The entire comparison between men’s and women’s performances in a single sport, like tennis, should be gutted from conversation. It always ends up with a sexist tone and message. Free speech. Sure, but women always lose when this line of conversation pops up. And it is usually brought to our attention by a man. It’s sports, for goodness sake. Men dominate sports. Men dominate sports journalism, as well.

 

And let’s clarify one more thing, too. Garcia-Navarro was not to blame for asking McEnroe to expand on his comment. That’s her job. So those of you out there siding with McEnroe because the reporter did her job, well, you can sit down, too. 

 

To add insult to injury, McEnroe refused to apologize for his comments Tuesday morning on “CBS This Morning.” 

 

“Would you like to apologize?” Norah O’Donnell asked McEnroe. 

 

“No.”

 

Fine, don’t apologize. There are those who will laud your stubborn ways and ignorant manners as they do President Trump’s similar behaviors. Bombast brethren they are.

 

Yet McEnroe’s mind is so entrenched in prejudice, he committed another fault on Colbert as the New Yorker tried to explain himself regarding Serena and that 700 ranking.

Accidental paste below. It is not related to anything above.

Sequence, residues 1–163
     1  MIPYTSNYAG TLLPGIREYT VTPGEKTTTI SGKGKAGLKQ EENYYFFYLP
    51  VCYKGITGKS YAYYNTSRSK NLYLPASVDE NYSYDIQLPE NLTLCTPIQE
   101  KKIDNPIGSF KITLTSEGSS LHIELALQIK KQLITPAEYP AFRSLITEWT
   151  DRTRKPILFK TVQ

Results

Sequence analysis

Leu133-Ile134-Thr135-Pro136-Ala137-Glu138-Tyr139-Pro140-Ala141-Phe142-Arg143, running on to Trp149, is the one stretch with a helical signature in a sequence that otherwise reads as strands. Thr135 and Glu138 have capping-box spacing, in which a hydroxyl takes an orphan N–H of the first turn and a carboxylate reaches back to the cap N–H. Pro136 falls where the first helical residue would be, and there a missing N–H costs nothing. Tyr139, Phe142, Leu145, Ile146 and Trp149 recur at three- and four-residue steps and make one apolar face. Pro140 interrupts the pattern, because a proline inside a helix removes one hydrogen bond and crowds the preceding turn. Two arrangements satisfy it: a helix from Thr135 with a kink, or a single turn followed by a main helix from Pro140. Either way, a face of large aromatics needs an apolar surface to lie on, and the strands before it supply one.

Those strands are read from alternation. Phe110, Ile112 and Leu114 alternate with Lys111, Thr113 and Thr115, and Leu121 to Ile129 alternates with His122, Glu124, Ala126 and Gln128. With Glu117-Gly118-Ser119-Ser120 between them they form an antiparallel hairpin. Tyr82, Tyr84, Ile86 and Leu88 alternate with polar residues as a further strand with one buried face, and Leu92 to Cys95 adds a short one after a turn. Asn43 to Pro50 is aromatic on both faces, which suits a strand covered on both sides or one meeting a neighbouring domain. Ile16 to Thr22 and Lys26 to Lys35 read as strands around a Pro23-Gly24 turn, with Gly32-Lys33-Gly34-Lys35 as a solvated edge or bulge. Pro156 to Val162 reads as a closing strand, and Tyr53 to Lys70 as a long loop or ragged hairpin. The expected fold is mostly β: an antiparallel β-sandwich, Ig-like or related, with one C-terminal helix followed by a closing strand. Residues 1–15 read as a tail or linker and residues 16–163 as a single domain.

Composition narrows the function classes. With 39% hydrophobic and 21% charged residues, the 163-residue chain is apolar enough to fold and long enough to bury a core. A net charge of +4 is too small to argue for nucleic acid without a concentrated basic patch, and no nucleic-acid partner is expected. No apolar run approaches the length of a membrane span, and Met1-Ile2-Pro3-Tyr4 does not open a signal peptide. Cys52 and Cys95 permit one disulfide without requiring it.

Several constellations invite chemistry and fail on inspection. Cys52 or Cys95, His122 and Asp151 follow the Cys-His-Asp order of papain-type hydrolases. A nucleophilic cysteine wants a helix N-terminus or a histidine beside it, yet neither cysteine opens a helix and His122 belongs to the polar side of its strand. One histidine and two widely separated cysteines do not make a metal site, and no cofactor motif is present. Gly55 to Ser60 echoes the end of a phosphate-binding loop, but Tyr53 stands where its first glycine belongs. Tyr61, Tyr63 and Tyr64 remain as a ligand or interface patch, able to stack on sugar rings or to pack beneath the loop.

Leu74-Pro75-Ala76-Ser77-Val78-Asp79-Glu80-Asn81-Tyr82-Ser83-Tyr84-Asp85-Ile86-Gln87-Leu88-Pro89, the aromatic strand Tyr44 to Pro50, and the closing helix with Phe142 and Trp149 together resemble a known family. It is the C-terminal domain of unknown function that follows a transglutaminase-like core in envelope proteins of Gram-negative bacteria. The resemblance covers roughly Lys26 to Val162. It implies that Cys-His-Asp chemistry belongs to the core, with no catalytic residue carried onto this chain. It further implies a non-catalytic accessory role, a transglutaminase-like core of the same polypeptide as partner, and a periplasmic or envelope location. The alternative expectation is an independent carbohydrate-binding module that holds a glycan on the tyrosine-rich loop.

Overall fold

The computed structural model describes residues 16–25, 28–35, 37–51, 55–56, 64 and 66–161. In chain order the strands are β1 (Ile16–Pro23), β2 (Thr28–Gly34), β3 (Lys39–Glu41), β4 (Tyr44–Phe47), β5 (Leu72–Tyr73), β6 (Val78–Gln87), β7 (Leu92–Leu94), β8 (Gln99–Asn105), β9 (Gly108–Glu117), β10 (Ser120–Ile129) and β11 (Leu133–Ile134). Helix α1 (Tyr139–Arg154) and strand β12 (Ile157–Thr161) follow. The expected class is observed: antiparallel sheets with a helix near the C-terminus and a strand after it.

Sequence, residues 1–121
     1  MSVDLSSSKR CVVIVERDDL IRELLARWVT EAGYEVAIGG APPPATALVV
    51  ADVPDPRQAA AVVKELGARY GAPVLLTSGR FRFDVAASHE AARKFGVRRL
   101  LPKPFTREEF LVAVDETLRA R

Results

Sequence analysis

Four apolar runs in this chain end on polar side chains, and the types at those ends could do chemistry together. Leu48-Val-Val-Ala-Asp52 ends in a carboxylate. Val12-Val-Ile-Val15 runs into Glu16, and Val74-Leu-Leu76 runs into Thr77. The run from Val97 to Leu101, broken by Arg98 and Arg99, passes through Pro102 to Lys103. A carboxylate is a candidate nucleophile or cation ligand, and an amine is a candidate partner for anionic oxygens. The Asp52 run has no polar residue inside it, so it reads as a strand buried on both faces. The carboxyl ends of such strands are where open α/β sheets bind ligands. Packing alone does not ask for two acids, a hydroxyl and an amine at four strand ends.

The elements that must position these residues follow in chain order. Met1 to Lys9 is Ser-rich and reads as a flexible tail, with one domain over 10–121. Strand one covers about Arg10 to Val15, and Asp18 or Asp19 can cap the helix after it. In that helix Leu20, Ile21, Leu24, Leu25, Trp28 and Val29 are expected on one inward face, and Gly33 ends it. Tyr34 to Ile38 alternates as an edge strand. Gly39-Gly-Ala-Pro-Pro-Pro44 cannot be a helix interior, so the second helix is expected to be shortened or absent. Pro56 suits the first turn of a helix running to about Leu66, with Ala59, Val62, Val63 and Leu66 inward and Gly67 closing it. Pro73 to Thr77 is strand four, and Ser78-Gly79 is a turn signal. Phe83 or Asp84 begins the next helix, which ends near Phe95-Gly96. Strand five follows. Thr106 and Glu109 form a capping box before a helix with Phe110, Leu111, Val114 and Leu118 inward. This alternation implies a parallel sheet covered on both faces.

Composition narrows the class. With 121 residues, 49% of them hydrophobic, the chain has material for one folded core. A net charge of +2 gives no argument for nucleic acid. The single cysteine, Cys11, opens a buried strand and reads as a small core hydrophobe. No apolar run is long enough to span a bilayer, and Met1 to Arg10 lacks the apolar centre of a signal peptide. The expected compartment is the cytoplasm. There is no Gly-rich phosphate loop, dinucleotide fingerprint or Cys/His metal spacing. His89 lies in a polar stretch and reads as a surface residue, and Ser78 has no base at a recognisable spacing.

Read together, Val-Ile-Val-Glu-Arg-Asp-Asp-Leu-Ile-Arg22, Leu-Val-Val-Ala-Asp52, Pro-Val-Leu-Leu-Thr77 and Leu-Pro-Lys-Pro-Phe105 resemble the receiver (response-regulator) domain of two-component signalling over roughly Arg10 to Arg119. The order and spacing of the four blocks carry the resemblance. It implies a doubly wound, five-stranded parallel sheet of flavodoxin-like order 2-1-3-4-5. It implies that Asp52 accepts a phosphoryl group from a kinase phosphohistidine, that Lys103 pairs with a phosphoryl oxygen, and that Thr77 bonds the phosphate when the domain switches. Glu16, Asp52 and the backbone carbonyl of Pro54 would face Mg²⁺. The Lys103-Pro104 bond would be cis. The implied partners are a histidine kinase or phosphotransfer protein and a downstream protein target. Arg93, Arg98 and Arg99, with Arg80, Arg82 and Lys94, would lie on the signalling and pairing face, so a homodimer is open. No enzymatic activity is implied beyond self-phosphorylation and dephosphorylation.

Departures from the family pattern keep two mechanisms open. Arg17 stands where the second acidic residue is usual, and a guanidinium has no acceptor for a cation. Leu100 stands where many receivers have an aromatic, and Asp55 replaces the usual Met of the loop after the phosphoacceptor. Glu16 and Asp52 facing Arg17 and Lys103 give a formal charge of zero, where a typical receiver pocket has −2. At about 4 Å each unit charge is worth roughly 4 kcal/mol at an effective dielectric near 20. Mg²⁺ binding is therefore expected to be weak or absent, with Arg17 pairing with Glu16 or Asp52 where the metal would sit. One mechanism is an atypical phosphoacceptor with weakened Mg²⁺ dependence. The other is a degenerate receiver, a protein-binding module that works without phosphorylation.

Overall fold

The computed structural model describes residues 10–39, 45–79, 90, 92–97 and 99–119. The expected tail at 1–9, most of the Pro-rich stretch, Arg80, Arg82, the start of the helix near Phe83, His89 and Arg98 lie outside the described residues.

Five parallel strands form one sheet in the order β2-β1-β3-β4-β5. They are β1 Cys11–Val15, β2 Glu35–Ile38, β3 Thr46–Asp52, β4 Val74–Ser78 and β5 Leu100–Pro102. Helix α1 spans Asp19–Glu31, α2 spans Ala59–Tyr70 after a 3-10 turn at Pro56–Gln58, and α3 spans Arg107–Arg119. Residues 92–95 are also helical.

“Do they say that about girl basketball players, that they’re as good as Michael Jordan,” McEnroe said, trailing off as Colbert endearingly touched him with, “You might say women’s basketball players instead of girl basketball players.” 

 

McEnroe chuckled and dropped his head, once again caught in his act, which is no more an act than a circus clown squirting bubbles from a toy trombone. He really sees women as girls. And, he has six daughters. Pity. 

 

McEnroe doesn’t stand alone in his perceptions and opinions, but he’s a lightening rod for them because of his history of outrageous acts on tennis courts. With Wimbledon set for Monday, he’ll be a familiar voice for Eurosport and NBC on the weekends. His tennis commentary has not reached the level of controversy his recent spat with Serena has, but those who follow tennis closely and listen to him call matches know without a doubt that he’s possibly the worst commentator out there.